Writing On The Blank Slates

So, what do I do when confronted with a semi-blank slate character?

Make up an incredibly ridiculous backstory, of course. Undertale is a good example in point, because of how deliberately vague everything in it is-given my fertile imagination. Obligatory spoiler warning despite the game having been out for quite some time now.

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The main character of the game is intended to be a blank slate. Their low-res appearance is intended to be of an ambiguous gender.

Nearly of my Frisks are girls, based solely on me thinking the sprite looked more like one. But more importantly, all of them have extant human families. The story of the one who climbed the mountain varies a lot-ranges from the child of two wealthy financiers to a struggling parent, to a crackpot “analyst”. But the one variable is that all of them are kind and loving. The worst I got was an unscrupulous and hideously ambitious “stage mom” who pushed her daughter too hard and, post-pacifist end, sees her as a way up-but who is still ultimately caring and not outright abusive.

I tend to dislike kicked-puppy backstories, and for someone like Frisk, it makes even less sense that an abused, beaten child could be as friendly and forgiving as them (to say nothing of their incredible will to live).

One of my crazier, not serious ones is Frisk as a Little Sister style test subject, the antithesis of that. One of my crazier ones is her as a descendant of a Circle Trigon fighter, but that’s just me liking that crazy taxpayer-funded Esperanto empire too much.

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Chara, the other human in the game, is a harder case. A kicked-puppy background is easier to justify for them, as they “hated humanity” and ended up committing suicide.  At first, I made Chara a boy named Charlie, but now they’re sometimes a girl with that as their proper name.

To be honest, Chara never held that high a place in the story for me. They’re long dead by the time Frisk drops into the underground, and that’s that. No genocide route and none of the increasingly twisted “narrator Chara possession” theories.

But I still wanted a backstory, and my most recent attempt at one was surprisingly large. Chara’s father was a war criminal who met a violent end, leaving his/her De’Londa Bryce-esque mother to try and preserve her lavish lifestyle on his dwindling ‘prize money’. When Chara got old enough, reading about their father’s actions and mother’s stress made something in them snap and they ran off to the mountain where it was rumored no one returned from. The rest was history.

Although, the words “war criminal” and “cutesy Earthbound homage” don’t exactly go well together. Oh well…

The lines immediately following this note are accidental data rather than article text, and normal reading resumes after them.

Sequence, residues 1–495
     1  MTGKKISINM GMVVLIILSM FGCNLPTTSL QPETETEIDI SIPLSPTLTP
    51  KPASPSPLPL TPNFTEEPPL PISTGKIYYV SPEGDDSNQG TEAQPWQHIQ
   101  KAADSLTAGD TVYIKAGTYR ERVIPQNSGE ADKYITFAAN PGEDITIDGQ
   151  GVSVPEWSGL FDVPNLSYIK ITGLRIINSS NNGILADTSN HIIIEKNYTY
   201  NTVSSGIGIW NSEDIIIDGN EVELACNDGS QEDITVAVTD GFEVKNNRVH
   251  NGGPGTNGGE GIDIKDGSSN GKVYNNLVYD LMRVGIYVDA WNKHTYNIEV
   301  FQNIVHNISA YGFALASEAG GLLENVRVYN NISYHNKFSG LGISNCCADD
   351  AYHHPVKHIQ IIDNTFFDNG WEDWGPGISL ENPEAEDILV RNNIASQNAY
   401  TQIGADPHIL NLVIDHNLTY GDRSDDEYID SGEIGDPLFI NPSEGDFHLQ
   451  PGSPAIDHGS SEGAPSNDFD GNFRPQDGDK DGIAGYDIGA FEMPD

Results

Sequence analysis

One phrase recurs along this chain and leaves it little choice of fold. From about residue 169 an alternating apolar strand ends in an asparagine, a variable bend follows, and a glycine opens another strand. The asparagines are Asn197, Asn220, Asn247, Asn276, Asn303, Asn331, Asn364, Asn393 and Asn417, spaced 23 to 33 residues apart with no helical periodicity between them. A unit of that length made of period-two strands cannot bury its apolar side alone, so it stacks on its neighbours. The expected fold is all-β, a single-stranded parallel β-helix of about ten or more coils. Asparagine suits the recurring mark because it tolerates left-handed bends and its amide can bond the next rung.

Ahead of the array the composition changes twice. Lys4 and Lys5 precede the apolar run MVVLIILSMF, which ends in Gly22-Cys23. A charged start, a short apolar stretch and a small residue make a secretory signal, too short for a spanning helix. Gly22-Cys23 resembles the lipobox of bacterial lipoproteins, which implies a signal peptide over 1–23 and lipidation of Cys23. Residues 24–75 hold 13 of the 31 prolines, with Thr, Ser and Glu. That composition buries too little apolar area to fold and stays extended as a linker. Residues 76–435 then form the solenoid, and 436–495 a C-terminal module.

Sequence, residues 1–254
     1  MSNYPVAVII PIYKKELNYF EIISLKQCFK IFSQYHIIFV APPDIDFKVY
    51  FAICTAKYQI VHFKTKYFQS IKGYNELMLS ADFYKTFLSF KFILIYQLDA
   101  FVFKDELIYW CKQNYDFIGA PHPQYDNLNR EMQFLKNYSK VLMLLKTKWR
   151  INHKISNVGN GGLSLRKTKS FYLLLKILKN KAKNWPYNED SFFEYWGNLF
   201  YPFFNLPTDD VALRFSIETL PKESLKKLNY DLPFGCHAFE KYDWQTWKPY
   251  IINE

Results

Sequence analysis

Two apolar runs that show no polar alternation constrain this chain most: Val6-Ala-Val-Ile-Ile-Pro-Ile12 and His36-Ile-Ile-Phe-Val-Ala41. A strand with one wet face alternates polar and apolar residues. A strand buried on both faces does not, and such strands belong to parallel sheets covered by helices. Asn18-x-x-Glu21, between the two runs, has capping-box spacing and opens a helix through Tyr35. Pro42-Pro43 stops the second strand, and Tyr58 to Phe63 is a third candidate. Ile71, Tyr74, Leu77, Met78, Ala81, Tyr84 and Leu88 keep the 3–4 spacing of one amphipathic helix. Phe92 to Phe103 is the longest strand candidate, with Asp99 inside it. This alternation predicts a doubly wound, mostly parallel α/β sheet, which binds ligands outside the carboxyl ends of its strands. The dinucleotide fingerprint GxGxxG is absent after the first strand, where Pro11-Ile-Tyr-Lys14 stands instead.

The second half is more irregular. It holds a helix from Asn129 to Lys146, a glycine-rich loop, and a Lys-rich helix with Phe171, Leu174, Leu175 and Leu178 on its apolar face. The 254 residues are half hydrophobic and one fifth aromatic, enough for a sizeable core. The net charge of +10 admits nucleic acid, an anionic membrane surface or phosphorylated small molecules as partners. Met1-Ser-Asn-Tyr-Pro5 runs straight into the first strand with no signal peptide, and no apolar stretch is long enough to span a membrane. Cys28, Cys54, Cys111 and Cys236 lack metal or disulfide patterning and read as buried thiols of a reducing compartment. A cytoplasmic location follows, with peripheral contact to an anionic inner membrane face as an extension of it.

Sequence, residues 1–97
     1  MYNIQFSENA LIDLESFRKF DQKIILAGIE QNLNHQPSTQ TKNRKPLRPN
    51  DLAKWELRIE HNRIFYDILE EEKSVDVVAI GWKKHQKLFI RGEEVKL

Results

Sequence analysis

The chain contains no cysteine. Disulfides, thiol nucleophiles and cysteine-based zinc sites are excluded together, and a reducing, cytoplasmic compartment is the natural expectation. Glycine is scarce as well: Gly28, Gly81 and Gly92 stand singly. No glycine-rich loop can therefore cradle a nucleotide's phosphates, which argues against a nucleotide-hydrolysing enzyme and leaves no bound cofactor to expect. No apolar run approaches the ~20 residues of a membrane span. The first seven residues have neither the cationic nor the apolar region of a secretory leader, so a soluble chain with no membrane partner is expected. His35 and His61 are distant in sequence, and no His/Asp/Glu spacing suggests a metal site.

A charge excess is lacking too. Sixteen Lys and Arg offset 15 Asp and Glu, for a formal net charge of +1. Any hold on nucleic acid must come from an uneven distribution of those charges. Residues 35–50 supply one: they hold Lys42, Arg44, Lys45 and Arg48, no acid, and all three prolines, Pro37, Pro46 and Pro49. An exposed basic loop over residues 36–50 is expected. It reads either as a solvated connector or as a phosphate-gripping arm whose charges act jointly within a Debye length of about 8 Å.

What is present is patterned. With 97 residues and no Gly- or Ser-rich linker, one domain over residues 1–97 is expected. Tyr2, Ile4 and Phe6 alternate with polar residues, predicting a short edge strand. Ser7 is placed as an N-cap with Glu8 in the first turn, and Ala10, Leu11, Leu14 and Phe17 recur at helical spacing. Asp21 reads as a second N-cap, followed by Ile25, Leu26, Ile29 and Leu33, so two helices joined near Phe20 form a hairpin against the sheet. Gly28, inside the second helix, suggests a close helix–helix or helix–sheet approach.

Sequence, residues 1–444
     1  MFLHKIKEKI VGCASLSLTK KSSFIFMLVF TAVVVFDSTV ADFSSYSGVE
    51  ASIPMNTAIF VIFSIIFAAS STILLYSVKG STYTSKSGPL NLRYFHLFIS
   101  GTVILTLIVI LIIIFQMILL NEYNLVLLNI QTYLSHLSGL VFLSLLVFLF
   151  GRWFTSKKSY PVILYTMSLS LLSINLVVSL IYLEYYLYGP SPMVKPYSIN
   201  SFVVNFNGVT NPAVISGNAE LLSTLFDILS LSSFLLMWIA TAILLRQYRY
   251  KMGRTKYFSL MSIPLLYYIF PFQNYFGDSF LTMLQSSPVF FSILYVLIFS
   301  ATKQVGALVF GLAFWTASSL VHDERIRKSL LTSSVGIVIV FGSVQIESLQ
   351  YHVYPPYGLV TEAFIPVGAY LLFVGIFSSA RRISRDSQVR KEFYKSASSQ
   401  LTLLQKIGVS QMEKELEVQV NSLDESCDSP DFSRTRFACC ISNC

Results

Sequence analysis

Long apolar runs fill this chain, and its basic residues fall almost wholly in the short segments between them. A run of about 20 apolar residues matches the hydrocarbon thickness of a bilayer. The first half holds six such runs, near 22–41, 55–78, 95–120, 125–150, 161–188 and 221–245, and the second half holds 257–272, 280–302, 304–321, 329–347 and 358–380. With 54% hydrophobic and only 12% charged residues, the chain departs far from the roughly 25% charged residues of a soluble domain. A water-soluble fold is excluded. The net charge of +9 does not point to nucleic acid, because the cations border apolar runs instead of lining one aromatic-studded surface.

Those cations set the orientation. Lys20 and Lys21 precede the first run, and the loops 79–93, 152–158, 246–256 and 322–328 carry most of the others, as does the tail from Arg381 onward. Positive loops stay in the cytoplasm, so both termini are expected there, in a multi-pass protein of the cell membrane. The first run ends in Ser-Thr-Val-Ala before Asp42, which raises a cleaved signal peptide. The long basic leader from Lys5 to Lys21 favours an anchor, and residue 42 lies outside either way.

Coiler’s Crazy Colosseum (Celtic Centered)

As it’s St. Patrick’s Day, I have this Celtic themed fanon fight.

cloverforbattle

Clover (Payday 2)

vs.

hollyforbattle

Holly Short (Artemis Fowl).

 

(I’m guessing Holly will win because of her superior technology and magic, but the Payday Gang have done so much crazy stuff that you can’t count Clover out.) They’re thematic contrasts as well, with Clover as a notorious criminal and Holly a policewoman.

FE Battalion Operations

To put the FE Battalion on the offense or defense?

I’m leaning towards defense. A basic foot infantry battalion is more capable in defense, especially in closed terrain than it is on offense against a heavier conventional foe. Then again, I’m considering putting them in a mechanized battalion, because a foot one is simply too limited.

I don’t want to put them in some sort of special forces unit, even though bizarrely it’s what arguably fits them the best[1].

Now for the enemy. In military terms, this is easy-it’s the Circle Trigon/Krasnovia/Donovia. In other words, an enemy made as a bland opposing force in an artificial battle. Good for artificial battles (and it’s not like the canon FE games are the most deep and intricate anyway), not so good for character development or a sense of meaning.

Now for what their parent regiment/brigade will be like-will it be composed of other high fantasy turned-soldier transplants? Regular troops regarding it as a weak link?

Good news is I have a command staff.

Robin as CO.

Cordelia as XO

Mark as Operations Head

Matthew as Intelligence Head

Merlinus as Logistics Head

Oh no, I’ve stacked the staff with people from my favorite game (FE7) and the most popular (Awakening)! :p.

Now to figure out where to put the more problematic ones…

[1]FE characters have some anime physics and a few superhuman strength feats. I call them “Captain America level”, but their lower durability means they can’t be wasted in a line unit. At least if I wanted to be practical.

Army Unit Names

So, when naming fictional military units, I like to use fictional names rather than real equivalents. There are many reasons for this, from creating a sort of “wall of separation” between fiction and reality that makes me feel more comfortable writing them, to just the fun of thinking up appropriate names in the same general class.

Regrettably, US Army units encounter both of the seemingly contradictory stumbling blocks I described in an old post on unit names at Baloogan Campaign. Its current divisions are (comparatively) few and in many cases distinctive, especially specialty units like the 82nd Airborne. Almost like aircraft carriers.